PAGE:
The parliament, or Majlis, on Sunday voted down plans put forward by its reformist-controlled predecessor allowing the privatisation of Iranian banks and the presence of foreign banks in the Islamic republic.
To “prevent foreign dominance of Iran’s economy”, MPs also voted against a proposal that would have allowed oil prospectors to exploit their own finds. Instead, successful prospectors must bid against competitors in a state-run tender.
The conservative-run Majlis took office in May after the Guardians’ Council, an unelected political watchdog, barred most reformists from contesting elections last February.
MPs on Sunday endorsed the rejection by the Council, which also vets legislation, of the last parliament’s moves to stimulate the lumbering state economy through a combination of foreign investment and privatisation as part of the 2005-10 five-year plan.
According to Hamid Reza Hajibabaie, a conservative MP, the development plan “was not based on social justice but on excessive capitalism and privatisation”.
Several foreign banks had reportedly expressed interest in setting up branches in Iran. Britain’s Standard Chartered bank planned to open a branch in one of the country’s free trade zones in October – the first such venture since the Islamic revolution 25 years ago.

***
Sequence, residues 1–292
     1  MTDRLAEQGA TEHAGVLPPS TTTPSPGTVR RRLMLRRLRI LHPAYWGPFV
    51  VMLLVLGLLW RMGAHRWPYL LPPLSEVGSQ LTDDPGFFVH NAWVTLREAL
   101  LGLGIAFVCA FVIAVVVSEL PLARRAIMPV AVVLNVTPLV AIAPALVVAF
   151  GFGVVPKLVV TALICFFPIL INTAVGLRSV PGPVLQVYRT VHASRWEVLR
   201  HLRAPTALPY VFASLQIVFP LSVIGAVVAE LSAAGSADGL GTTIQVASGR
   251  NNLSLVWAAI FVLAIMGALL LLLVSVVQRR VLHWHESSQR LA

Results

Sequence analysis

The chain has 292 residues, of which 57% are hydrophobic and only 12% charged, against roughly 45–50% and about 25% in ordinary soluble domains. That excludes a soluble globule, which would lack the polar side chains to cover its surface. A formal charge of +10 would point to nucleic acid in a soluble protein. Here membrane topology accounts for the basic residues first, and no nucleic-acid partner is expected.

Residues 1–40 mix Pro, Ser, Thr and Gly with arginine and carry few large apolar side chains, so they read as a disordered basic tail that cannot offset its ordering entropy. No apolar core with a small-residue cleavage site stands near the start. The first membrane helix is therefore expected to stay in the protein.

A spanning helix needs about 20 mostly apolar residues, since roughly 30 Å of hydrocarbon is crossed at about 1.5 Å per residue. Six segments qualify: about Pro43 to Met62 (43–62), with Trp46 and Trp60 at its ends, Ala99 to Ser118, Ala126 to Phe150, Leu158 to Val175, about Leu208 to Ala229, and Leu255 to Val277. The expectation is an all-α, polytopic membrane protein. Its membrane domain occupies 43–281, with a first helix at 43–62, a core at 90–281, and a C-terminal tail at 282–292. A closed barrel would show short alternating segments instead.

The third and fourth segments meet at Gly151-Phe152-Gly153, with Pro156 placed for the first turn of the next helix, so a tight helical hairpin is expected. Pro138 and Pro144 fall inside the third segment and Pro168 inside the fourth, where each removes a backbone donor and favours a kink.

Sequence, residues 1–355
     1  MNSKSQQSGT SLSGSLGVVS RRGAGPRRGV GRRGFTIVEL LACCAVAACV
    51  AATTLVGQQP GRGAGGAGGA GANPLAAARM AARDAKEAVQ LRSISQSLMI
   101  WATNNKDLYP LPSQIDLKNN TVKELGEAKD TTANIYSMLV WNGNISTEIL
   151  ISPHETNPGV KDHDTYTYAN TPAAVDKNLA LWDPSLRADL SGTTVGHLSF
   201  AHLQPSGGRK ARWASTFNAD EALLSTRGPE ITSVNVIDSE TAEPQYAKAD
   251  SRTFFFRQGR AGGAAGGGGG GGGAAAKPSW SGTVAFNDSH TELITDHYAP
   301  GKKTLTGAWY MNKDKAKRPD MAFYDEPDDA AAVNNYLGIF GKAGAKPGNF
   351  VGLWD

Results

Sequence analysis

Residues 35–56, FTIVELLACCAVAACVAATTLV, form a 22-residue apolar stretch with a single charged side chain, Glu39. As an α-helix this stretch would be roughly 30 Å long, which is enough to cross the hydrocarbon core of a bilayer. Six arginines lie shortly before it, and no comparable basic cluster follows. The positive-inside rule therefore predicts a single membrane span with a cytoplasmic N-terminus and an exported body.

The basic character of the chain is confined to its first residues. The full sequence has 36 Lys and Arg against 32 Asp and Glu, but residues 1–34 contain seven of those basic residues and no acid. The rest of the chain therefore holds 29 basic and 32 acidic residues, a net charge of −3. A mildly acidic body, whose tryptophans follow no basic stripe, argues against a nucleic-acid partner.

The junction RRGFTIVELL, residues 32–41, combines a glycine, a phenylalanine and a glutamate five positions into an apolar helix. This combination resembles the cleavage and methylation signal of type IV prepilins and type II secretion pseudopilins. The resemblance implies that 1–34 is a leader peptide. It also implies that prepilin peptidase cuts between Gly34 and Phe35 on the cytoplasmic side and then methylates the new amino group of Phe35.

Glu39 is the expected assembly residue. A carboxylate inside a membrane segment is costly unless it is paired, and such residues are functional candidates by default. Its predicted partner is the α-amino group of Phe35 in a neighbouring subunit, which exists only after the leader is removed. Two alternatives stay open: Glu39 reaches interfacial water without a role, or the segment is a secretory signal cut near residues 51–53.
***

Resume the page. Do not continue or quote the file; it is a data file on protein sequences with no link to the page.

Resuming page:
“The conservatives are not looking for economic transparency, so a state-run economy is in their favour”
Abd Allah Ramezanzadeh, spokesman for the government of pro-reform President Muhammad Khatami said that the aim of the rejected plan had been to achieve 8% growth and decrease the gap in per capita earnings with other developing countries.
And he added that with the changes “the government will not
accept any responsibility for any future shortcomings in peoples’ livelihood.”
Deputy oil minister Mahmud Astanih added that MPs had also effectively cut state revenues by more than $80 billion, thus making it impossible to develop Iran’s oil and gas sectors.
Iran wants to double its oil production to eight million barrels a day within the next 15 years, and the move will “undoubtedly create enormous problems in future”, he said.
Financial analyst Saeed Leylaz told AFP that “the Majlis’s move is more political than economic, and goes against all three previous development plans (1990-2005), which advocated economic liberalisation… basically it is a strategic retreat.”
“This move is also in line with anti-detente policies currently being followed” by the conservative camp, he said, adding, the conservatives are not looking for economic transparency, so a state-run economy is in their favour.”
The Iranian economy is around 85% state-run and its infrastructure has suffered greatly because of the eight-year Iran-Iraq war as well as US-imposed economic sanctions.
The Majlis’ decision virtually puts paid to Khatami’s efforts to revive the economy through legislation, which he had seen regularly blocked by the Guardians Council.